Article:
Casualisation of workers
Thank you for that perfect pronunciation of my electorate, Mr Speaker, and congratulations on your elevation to the office of Speaker. I rise tonight to talk about jobs and employment in the electorate of Lalor, a community of over 200,000 people. I want to talk specifically about the industry that is warehousing and distribution, that is transport and logistics. It employs thousands in the electorate of Lalor. Some are employed casually through third-party labour hire companies, some are employed casually as direct staff to larger companies, some are employed part-time and some are fortunate enough to be employed permanent full-time. It is an industry I know well. Permanent positions are highly sought after in this industry in our sprawling city, and casualisation is a curse. I know personally from families that I have worked with and from young people who have gone into this industry what life as a casual, working for a labour hire company, means on the ground. It means sitting up late at night waiting for the text to see if you are going to get a shift tomorrow. It means conversations on the phone when the shift you thought was six hours is now two and you have to make arrangements for leaving work that day. There is no guarantee of work for the people employed at that level in this industry. They are 'pickers' and many of them begin that way, as pickers, not necessarily as forklift drivers—there is a hierarchy in this industry.
The warehousing and distribution industry is an incredible industry. It is terrific for young people who work to targets. It is terrific for giving them feedback on how they are going on every shift. I would not criticise that. I believe that particularly young people are motivated by targets. I have watched lots of young people go into this industry as casuals striving for 100 per cent or better every day and meeting their targets. Work is measured by those targets. It is also measured by warnings for safety breaches, because many of these warehouses are incredibly safety conscious—and I take my hat off to them for that; it is measured by near misses; and it is measured by damage to goods. But the trend in casualisation is worrying—it is worrying on the ground for families, it is worrying on the ground for our young people. Many people my age in the electorate, with children in their 20s and 30s are worried. There are many who have been working casually for a long time. They are worried about the house, they are worried about the start and they are worried about young people's futures. Many start as casuals and are lucky enough to move up the chain, to move on to permanent part-time and then to get to permanent full-time.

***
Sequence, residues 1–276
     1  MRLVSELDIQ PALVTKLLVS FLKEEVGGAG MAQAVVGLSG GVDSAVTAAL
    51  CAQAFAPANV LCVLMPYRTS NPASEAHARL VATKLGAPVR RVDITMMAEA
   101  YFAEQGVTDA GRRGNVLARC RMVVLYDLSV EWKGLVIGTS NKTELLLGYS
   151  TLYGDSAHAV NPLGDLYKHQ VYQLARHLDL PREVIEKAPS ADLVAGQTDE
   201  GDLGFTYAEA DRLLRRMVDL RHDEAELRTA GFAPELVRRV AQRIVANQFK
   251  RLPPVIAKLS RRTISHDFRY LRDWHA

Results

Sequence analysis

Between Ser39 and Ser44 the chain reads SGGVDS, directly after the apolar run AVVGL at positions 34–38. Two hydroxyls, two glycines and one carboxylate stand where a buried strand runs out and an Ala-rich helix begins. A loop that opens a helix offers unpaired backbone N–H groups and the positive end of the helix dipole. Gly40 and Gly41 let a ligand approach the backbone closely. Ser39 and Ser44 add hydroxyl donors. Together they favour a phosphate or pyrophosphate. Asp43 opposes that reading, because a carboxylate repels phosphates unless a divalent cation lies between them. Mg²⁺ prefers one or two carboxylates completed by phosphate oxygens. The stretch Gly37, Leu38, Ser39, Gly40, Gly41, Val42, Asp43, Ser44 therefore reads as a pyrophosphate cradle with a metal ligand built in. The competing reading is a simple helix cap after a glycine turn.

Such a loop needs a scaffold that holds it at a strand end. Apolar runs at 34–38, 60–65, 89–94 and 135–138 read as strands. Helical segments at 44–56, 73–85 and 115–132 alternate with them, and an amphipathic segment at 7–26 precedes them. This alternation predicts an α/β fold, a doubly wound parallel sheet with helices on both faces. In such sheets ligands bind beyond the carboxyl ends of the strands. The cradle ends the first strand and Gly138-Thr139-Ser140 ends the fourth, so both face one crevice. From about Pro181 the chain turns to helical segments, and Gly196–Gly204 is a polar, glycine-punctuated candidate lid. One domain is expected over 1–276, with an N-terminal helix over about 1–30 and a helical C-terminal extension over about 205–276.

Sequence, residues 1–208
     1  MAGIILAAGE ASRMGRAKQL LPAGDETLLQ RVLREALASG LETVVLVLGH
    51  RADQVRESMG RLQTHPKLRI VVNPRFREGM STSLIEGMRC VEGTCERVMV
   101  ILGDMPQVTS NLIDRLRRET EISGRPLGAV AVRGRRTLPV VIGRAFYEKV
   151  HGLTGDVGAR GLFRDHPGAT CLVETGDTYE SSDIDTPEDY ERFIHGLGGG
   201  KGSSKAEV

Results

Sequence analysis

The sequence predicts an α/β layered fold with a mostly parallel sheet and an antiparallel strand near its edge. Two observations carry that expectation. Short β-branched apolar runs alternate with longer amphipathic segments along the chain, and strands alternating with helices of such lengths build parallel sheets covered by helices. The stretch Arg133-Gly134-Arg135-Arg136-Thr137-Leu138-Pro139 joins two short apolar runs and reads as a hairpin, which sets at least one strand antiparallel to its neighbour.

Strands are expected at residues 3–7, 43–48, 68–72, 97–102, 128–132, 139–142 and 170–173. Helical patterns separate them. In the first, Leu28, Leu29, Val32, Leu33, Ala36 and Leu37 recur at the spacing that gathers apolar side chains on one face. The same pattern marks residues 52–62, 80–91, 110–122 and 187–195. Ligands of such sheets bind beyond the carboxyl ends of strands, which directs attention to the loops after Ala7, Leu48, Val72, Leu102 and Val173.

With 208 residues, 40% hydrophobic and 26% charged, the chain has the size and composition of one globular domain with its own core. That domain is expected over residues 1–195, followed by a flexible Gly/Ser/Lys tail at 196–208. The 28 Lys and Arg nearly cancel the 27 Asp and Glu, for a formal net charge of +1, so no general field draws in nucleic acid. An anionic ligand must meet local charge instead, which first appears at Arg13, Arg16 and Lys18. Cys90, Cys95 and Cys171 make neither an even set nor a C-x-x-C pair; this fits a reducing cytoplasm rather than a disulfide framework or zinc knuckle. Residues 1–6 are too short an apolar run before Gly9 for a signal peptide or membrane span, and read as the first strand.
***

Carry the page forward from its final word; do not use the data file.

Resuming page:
The Laverton Woolworths liquor distribution centre directly employs 500 workers—it is one of those in the electorate that still employs people directly. Some are casuals doing the guaranteed two shifts a week for four hours a shift, some are part-time permanent, some are full-time permanent. Early on Monday morning those workers went on strike. Last September they signed an EBA in good faith. This agreement guaranteed that Woolworths would not, I repeat would not, outsource employment or recruitment to a third-party labour hire company, but on Monday they were told that the Christmas peak would be dealt with by a third-party labour hire company. This means that direct casual employees working beside them, direct employees of Woolworths, might not get those hours in the Christmas peak—hours they rely on every year.
I empathise with and admire these workers for taking the stand they have taken, because I admire mateship. I came in when speakers were talking about Anzac and I cannot think of any more important discussion I could have followed. These workers are there for their mates, not just their mates employed directly at Woolworths but their mates, thousands of them employed in this industry, who are facing casualisation. And they are not only facing casualisation, they are also looking at new warehouses being built that have robotised. They are looking directly down the barrel at there being fewer jobs. These people need the support of their company. I urge them to work with the company to find a solution to this. I support the NUW in doing that. I would finish by saying that this country needs a leader like Bill Shorten who knows how to work these issues through with business leaders, with companies and with workers. That is the man we need.
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